Do air filters help against driving bans? | heise online

Cities like Kiel, Heilbronn and Stuttgart try to comply with the nitrogen oxide limit values ​​and bypass driving bans with large air filter systems in the immediate vicinity of their measuring points. The magazine Technology Review goes in its current issue 9/2020 (now at the kiosk or here order) the question of whether this is just measured value cosmetics or actually brings something for people in the vicinity.

“Each column has an effective radius of 10 to 15 meters,” says Jan-Eric Raschke, head of the technology platform Fine dust eater at the filter manufacturer Mann + Hummel, whose Filter cubes installed in Heilbronn and Stuttgart. “The effective radii interlock. We first simulate the air movements on the computer and place the pillars virtually. With this we create a large-scale effect. “

This article is from Issue 9/2020 of the Technology Review. The magazine will be available from August 13, 2020 in stores and directly in the heise shop. Highlights from the magazine:

In fact, the NO2-Measured values ​​have declined “significantly” since the commissioning of 17 filter cubes at the Neckartor in Stuttgart in spring 2019, the responsible Baden-Württemberg Ministry of Transport announced. The filters with four to five micrograms per cubic meter contributed to this. “That is the result of studies in which the filters were switched on and off.” Heilbronn expects a reduction of three to seven micrograms from the 26 filter cubes that it installed in July.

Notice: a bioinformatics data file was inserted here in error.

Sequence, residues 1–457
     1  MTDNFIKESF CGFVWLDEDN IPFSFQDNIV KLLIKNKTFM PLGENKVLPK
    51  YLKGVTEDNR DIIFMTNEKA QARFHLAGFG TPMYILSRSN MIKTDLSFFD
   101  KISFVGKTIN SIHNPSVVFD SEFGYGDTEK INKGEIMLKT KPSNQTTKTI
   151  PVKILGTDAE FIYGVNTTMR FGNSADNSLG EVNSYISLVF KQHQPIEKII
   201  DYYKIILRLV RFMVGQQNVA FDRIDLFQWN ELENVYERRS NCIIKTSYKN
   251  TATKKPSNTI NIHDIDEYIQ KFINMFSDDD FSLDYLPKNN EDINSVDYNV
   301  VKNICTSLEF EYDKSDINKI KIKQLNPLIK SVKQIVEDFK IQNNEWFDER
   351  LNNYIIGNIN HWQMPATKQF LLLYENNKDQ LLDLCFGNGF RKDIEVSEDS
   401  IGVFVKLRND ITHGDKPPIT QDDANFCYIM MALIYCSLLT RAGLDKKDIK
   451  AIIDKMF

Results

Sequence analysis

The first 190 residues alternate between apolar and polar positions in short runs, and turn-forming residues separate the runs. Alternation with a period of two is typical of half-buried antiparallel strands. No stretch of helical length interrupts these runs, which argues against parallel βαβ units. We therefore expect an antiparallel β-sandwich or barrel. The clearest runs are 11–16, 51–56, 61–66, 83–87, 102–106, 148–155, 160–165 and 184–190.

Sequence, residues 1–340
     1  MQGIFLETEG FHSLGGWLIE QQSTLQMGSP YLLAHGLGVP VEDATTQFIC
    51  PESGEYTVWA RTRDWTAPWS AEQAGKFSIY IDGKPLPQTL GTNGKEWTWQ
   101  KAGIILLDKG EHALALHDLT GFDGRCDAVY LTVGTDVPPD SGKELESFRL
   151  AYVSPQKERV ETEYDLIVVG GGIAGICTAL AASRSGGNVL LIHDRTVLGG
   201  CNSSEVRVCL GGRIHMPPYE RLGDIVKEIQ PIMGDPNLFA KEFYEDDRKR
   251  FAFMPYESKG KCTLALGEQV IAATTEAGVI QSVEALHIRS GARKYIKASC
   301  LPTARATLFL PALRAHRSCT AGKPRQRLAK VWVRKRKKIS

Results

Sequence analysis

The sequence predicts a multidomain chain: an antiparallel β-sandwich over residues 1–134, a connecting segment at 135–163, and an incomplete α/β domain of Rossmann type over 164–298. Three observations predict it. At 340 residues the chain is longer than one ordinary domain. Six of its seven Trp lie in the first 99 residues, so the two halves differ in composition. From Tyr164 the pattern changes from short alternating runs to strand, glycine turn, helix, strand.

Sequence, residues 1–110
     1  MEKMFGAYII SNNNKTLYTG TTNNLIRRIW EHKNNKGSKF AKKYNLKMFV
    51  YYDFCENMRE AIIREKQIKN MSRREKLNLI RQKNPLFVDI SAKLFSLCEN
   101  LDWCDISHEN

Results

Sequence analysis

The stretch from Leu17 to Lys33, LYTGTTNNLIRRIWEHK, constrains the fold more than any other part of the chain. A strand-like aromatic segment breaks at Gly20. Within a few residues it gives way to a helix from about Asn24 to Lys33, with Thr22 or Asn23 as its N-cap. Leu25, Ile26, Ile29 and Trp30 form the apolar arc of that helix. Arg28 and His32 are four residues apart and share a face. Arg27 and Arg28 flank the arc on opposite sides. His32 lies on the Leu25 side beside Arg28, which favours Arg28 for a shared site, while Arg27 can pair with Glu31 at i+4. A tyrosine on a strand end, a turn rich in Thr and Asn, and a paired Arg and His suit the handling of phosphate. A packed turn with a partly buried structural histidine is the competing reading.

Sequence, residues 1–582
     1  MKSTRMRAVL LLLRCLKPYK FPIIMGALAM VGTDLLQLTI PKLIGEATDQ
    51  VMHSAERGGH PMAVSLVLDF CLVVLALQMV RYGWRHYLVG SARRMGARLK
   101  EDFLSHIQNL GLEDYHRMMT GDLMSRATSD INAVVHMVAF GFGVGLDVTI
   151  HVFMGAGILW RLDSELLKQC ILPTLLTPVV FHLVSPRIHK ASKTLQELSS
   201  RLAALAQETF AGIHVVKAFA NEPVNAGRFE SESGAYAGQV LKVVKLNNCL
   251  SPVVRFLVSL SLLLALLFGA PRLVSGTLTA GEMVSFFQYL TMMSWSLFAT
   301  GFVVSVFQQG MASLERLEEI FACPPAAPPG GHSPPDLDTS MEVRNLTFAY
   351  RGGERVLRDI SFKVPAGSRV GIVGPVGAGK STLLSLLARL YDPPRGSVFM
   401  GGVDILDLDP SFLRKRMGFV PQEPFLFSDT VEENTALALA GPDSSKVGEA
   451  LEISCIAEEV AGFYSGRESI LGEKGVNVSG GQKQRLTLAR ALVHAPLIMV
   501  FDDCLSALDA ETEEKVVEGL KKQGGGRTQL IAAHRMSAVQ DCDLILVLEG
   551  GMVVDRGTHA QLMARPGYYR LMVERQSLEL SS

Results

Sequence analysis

More from Technology Review

More from Technology Review

Kiel relies on fewer, but larger, filter systems. This autumn, the city wants to set up six devices from the Schleswig-Holstein manufacturer Purevento. If a filter cube cleans 14,500 cubic meters per hour, the Purevento devices can manage up to 60,000. A prototype set up in 2019 saw a 73 percent reduction in NO at a distance of 1.8 meters2 found, ten meters laterally offset still 28 percent.

But how meaningful are such values? For Jürgen Resch, managing director of Deutsche Umwelthilfe, such air filter systems are simply “not serious” because there are no independent reports. Marcel Langner, head of the department Basic issues of air pollution control at the Federal Environment Agency, confirms: “I am currently not aware of any valid evaluations of how great the effect of air purifiers is – but I do not want to rule out that there are.”

The courts are also skeptical. The Stuttgart Administrative Court, for example, decided at the beginning of July that the DUH can apply for further coercive measures to implement a Euro 5 diesel driving ban (Az. 17 K 3162/20). It was not explicitly about filter systems, but about the entire clean air plan for Stuttgart. “Expert opinions submitted by the state itself forecast that the limit value will not only be exceeded by a significant amount for 2020,” said the judges.

Even the higher administrative court in Schleswig was not convinced by the filter systems at the end of June (Ref. 5 KN 1/19): The effect of the air filter systems assumed by the city of Kiel and the state of Schleswig-Holstein is “not plausible”. According to the expert opinion, “a reduction rate of over 70 percent is achieved immediately behind the respective containers, but this is less than 10 percent in the areas between the containers and drops to zero at one point.”

City and country want to go into revision. “There is an expert opinion on the effectiveness of air filter systems that was part of the offer made by Purevento in response to the city’s tender,” said the city of Kiel. “This expert opinion was presented to the OVG Schleswig at the hearing. But since it contains trade secrets, it cannot simply be made public. ”


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